The years have made his body soft. Touched in places with freckles and raised with tiny beige moles. Still he shivers slightly as she bends down and lifts his ankle, placing his calloused foot onto her thigh. As crimson nails slip into the elastic of his sock, his body becomes less soft. It hardens in time with cotton rolling from his pale toes. He looks down and inhales her smile feeling it expand against his ribs. This woman who has pointed out the fledgling sparrows on the lawn, changed lightbulbs in their kitchen, left damp towels on the stairs for years and years and years. Anew in his eyes, reborn with each button slipped out of its hole. His chest is laid bare and her cheek rests against the thud of his heart. They have never promised each other forever, they have never placed circlets of gold on outstretched fingers to the joy of loved ones. Not in secret before the state said they could and not after it either. As her teeth find the bud of his nipple and graze a whine into his throat he wonders if it is time. The boys are grown, the house is owned, and it could be good to do the last thing.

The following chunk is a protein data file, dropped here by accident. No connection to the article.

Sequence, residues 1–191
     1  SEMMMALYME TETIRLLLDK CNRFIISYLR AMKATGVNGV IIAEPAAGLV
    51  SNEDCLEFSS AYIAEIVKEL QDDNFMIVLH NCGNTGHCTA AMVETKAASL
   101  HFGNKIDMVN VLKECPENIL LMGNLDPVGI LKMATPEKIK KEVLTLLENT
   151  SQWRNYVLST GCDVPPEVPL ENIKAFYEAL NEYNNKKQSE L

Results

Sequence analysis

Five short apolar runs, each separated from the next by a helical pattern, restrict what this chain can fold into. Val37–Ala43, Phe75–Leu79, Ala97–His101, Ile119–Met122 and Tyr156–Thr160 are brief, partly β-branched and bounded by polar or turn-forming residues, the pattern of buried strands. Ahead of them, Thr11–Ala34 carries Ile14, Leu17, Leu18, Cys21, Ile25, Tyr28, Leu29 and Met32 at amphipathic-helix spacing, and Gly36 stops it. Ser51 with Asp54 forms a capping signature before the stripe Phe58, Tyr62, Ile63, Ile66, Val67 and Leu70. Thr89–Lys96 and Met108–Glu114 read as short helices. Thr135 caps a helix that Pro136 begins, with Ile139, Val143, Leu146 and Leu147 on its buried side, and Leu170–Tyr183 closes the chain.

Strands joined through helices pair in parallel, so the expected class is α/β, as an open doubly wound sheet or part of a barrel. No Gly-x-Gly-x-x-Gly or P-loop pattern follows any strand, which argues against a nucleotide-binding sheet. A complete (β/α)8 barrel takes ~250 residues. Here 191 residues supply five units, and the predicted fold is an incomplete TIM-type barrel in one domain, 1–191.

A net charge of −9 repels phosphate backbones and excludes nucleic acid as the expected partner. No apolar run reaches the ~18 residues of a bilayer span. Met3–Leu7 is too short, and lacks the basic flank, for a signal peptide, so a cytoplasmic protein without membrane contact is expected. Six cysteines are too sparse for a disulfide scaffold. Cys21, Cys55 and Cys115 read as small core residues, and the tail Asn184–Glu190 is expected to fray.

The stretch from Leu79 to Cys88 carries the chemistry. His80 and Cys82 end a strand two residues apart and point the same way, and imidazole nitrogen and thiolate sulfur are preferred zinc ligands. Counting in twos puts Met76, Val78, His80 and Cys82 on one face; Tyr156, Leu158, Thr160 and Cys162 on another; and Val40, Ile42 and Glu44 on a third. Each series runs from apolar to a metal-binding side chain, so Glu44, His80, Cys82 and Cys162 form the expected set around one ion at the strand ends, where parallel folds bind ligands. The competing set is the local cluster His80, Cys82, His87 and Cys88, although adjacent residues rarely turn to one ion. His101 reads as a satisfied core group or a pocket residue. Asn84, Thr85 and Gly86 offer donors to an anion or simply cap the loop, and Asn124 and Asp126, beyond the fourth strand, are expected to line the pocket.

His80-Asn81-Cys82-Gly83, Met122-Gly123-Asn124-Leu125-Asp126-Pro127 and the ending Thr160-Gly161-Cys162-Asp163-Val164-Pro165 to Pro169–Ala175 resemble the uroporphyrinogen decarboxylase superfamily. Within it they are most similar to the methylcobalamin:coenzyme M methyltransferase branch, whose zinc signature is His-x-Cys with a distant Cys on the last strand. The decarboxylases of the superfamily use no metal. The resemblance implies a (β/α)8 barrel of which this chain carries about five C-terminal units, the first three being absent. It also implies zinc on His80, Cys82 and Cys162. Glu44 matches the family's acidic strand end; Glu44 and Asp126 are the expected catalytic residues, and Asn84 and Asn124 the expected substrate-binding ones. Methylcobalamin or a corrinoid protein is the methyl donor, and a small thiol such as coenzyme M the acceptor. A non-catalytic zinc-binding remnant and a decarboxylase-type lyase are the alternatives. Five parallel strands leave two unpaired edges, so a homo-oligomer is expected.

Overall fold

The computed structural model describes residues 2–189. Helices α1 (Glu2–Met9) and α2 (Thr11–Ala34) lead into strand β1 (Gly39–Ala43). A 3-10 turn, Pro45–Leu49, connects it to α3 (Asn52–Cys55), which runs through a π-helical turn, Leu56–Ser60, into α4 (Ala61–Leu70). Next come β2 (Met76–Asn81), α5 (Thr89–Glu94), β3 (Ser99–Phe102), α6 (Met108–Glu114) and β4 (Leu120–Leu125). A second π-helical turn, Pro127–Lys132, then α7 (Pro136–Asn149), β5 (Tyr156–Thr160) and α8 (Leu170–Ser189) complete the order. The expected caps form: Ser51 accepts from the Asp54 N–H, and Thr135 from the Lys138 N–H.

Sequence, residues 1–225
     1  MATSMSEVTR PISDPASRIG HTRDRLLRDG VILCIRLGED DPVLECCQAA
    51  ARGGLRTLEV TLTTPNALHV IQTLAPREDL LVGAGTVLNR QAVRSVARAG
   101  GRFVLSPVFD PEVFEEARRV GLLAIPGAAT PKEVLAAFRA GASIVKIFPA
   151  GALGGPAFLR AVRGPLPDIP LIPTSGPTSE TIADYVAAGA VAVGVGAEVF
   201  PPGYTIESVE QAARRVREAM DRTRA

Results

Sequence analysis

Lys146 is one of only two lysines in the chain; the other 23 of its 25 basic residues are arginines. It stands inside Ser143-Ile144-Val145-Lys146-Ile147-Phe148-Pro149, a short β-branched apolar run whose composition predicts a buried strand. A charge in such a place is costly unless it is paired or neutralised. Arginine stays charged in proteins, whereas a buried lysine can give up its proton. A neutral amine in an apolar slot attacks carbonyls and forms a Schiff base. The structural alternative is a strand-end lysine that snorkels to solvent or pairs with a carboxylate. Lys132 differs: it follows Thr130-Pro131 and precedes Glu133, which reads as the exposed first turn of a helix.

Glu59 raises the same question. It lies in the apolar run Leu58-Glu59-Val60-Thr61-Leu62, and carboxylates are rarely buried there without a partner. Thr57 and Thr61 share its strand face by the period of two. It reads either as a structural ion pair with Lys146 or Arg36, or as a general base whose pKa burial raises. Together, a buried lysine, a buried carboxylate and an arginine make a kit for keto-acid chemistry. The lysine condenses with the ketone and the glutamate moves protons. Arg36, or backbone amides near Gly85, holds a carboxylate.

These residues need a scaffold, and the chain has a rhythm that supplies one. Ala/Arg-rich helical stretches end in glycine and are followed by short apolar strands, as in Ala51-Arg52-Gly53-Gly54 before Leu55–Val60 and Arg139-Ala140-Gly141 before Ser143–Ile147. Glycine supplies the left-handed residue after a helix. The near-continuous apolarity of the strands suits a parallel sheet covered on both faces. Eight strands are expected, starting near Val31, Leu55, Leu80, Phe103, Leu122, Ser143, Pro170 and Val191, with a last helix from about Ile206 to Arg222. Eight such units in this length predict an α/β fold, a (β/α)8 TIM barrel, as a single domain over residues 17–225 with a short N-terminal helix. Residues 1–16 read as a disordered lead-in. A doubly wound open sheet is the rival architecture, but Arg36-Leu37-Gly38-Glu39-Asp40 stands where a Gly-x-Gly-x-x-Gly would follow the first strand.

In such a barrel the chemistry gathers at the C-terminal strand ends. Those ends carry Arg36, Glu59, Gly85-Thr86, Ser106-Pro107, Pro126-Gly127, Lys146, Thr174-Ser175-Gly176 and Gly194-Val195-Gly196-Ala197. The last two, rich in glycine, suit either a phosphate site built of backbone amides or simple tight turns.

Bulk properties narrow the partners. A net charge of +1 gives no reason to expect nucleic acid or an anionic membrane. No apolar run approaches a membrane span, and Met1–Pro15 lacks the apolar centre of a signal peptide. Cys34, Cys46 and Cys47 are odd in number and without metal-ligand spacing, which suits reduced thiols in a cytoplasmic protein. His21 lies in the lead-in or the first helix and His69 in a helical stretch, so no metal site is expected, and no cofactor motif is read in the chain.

Then his palms cup the flesh of her hips, pressing motes of winter sunlight to her skin creating a slip of taut ochre and his lips brush the short curls of her hair. It is as soft and grey as rainclouds tucked beneath his nose, the scent their grandchildren’s yogurt mingled with her soap and it evokes the knowledge that their history, which never needed acceptance, is already well accounted for.

Hannah Clark lives in Manchester and is an MA student at Manchester Metropolitan University, studying Creative Writing. She is currently working on her first novel and is a freelance writer for The Skinny magazine. Her fictional work has appeared on


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